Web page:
Edward Lear travelled to Italy in 1837, where he remained until the summer of 1841; he first visited Sicily in the following spring of 1842. Lear couldn’t stay away from Italy for long, and spent the winter of 1846 in Rome, before moving on to Naples in April 1847 where he caught the steamer to visit Sicily for the second time. Lear was enchanted with Palermo and remarked that ‘Palermo I think pleased me more than any other city I was ever in’ (M. Drummond, After You, Mr Lear – In the Wake of Edward Lear in Italy, Woodbridge, 2007 p. 176).
In the present lot, Lear depicts the bay of Palermo looking out onto Monte Pellegrino which is home to the sanctuary of Saint Rosalia, the patron saint of the city. Lear returned to this subject several times, and there are a few works painted from a similar view point. A composition depicting this view along with two figures in the foreground was sold at Sotheby’s, London, 10 November 1981, lot 10. A less finished oil sketch painted in situ in 1847, and on a smaller scale (8½ x 15¼ in.), was sold at Christie’s, New York, 25 January 2012, lot 59.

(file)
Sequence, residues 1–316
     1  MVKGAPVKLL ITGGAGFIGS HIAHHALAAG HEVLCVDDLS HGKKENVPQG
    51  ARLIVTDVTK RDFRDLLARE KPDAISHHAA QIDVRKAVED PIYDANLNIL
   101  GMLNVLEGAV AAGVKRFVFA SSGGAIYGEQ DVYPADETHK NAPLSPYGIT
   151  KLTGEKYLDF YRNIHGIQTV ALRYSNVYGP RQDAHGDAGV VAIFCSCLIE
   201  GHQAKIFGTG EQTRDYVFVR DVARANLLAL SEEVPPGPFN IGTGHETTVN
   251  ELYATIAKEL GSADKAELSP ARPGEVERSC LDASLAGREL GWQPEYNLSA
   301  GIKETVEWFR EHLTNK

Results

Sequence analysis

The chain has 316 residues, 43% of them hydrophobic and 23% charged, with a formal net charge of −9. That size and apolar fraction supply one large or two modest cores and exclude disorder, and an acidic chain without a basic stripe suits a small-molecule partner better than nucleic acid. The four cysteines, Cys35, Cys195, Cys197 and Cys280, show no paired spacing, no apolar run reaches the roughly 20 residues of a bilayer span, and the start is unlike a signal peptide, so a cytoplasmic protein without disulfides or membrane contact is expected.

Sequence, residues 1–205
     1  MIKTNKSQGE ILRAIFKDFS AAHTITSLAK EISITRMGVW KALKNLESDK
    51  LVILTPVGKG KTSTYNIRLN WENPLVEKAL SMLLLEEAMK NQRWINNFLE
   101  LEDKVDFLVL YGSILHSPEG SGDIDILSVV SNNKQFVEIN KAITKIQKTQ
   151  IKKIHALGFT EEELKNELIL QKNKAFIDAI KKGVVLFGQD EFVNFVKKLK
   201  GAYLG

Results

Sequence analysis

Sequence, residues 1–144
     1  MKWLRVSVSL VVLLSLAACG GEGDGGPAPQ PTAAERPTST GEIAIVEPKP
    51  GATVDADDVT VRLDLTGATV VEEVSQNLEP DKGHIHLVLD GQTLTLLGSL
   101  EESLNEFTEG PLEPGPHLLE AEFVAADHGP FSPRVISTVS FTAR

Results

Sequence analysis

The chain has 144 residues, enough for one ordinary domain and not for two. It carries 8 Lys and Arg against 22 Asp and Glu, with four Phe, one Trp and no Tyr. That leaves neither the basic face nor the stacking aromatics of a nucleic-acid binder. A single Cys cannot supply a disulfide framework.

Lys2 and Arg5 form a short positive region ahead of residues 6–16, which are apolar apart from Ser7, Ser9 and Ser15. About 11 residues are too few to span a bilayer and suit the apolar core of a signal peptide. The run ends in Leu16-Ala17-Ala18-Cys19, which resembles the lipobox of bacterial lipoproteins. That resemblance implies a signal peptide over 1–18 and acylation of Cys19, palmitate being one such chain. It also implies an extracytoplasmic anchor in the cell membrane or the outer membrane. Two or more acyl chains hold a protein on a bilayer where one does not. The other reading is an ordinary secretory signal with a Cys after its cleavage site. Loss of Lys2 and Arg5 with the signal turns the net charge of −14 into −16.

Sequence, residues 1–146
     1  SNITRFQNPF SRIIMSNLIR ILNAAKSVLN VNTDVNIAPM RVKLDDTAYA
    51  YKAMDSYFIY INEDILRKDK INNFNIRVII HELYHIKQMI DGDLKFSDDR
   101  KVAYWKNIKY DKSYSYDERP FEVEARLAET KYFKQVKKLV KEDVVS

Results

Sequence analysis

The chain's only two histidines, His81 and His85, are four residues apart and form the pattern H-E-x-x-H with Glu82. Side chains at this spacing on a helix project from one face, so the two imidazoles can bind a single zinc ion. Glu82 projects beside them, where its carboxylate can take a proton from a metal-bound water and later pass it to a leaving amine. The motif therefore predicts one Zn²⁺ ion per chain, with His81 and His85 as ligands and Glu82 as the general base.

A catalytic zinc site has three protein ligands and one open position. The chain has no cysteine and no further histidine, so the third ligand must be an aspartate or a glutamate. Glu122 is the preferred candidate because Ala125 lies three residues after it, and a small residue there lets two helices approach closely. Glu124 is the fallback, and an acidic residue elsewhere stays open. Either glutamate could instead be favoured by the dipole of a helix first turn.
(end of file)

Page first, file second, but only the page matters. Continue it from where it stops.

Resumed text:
Lear painted this work for his great friend and patron, William Sandbach, and according to the artist’s diaries it was probably commissioned at the end of March 1859. There is record of Lear working on this painting throughout the beginning of 1860 when he was based in Rome; remarking in his diary on 19 January that he ‘worked pretty hard at the Sandbach Palermo’, and he mentions further progress made to the composition on 21 March. Lear returned to London in May 1860, and the work was finished by the summer, as he notes in an entry on 12 July that it had been collected.